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Let me introduce my guest today. This is Arlene Culiner. Arlene and I have recently met through the cyber world.  But as I prepared this author spotlight, she stole my heart with her joyous smile, Paris residence, linguistic abilities, and travel log. I know all my reader are going to enjoy getting to know her better through this interview.

Interview with J.Arlene Culiner

at between the lines and more (January 9, 2015)

REVIEWS

INTERVIEWS

Arlene, are you ready to get started?

First, Lynda, giving authors a chance to present themselves is a lovely generous thing to do. Thank you very much for this opportunity. Nonetheless, I’m not entirely comfortable writing about myself: it feels so self-indulgent, somehow… but here we go. I write in several different genres: I’ve written a social critical mystery, a creative non-fiction history of 19th century Romanian immigration. At the moment, I’m working, quite intensely, on another creative non-fiction work: the biography of a totally forgotten 19th century Eastern European poet — and four days ago, I returned from Ukraine and Romania where I was snuffling around for “atmosphere”. And, yes, I also write contemporary romances, perhaps as a delightful counterweight of sorts; I have two coming out with The Wild Rose Press, and both have older heroes and heroines.


Where would I live?

From April to November, you’d live in an ancient former café/inn in a tiny village in the Mayenne region in the west of France. From December until April, you’d be in Meudon, just above Paris, and looking down onto the Eiffel Tower. You’d be speaking French all the time (never English) but you’d also have several other European languages under your belt because the research you do requires that, and because you’ve been itinerant for most of your life.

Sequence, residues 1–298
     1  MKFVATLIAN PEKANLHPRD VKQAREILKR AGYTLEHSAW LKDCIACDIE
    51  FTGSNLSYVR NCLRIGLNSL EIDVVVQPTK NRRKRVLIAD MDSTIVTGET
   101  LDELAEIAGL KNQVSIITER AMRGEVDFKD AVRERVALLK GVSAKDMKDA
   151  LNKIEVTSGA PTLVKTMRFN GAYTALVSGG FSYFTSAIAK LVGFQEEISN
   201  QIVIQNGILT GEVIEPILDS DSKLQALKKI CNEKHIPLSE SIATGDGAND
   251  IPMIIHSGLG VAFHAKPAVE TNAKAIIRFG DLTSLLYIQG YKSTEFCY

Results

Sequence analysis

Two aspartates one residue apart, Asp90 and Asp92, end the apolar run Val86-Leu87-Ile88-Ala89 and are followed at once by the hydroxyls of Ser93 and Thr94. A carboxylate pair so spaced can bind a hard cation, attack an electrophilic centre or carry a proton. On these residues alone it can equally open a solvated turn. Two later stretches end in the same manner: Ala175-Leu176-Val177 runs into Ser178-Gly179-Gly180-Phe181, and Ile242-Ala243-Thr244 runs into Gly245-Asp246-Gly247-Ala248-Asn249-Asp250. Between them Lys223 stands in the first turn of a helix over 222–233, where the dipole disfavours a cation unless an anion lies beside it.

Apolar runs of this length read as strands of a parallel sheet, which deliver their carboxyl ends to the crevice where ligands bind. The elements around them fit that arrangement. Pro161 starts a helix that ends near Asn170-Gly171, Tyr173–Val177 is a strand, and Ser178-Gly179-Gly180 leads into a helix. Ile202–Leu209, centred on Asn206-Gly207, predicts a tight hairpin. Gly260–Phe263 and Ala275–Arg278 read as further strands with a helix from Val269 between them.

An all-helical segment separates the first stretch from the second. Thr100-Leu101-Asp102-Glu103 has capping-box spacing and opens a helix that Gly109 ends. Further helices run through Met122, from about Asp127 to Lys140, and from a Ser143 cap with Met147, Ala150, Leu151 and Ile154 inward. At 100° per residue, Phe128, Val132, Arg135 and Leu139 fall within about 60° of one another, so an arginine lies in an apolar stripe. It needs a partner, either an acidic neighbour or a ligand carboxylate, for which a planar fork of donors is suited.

What would my writing space look like?

When living in the country, your writing space would be a vast wonderful room with stone walls that are three feet thick — your former inn is over 500 years old — and your artwork hangs everywhere (you’ve been a social critical artist for the last thirty years). There would also be two rescue dogs and two rescue cats hanging around.

However, in the city for the winter months, your writing space is quite limited. You’ve taken over a windowless closet, moved everything into that, and you actually manage to work amidst the utter chaos. Of course, both the cats and the rather large dogs think it’s the perfect nest, and insist on squeezing into this teensy space too.


Would I also have other hobbies, if so, what kind?

You’d be a musician. You’d play the oboe, the English horn and the oboe d’amore in an (amateur) symphony orchestra in the country, in two chamber music groups. You’ll just have joined another orchestra in Paris too, one that plays early baroque music, and you’d be awed by instruments there — ones long vanished from the music scene: cornets à bouquin, serpents, wooden baroque flutes, the viola da gambe. And you’d dream of buying an oboe da caccia.


Do I write for myself or my readers?

You’d write for yourself because writing is a creative explosion for you. You need to do it. You need the sheer heady excitement of doing it. You have things to say, ideas you want to share… and that means you also write for your readers. You are dialoguing with them through your books, you are exchanging ideas with them, you are sharing what you know, what you’re learning.


Would my writing lean more toward stimulating imagination and thought, or taking-one's-breath-away and pulling heartstrings?

Without wanting to sound too preachy about this, stimulating thought is your primary motivation. You don’t go to movies, you know no star’s names, you’ve never had a television: frankly, life is just too short for pre-chewed, second-hand living. You want to get people interested in the real world around them, in history, and even your romances have intelligent heroes and heroines who think, discuss, laugh at themselves and are stimulating — definitely not consumers who need designer labels to give them character. And because they are caring people and independent thinkers, your readers can believe in them, laugh with them and even fall in love with them.



  

Interview by Lynda Coker

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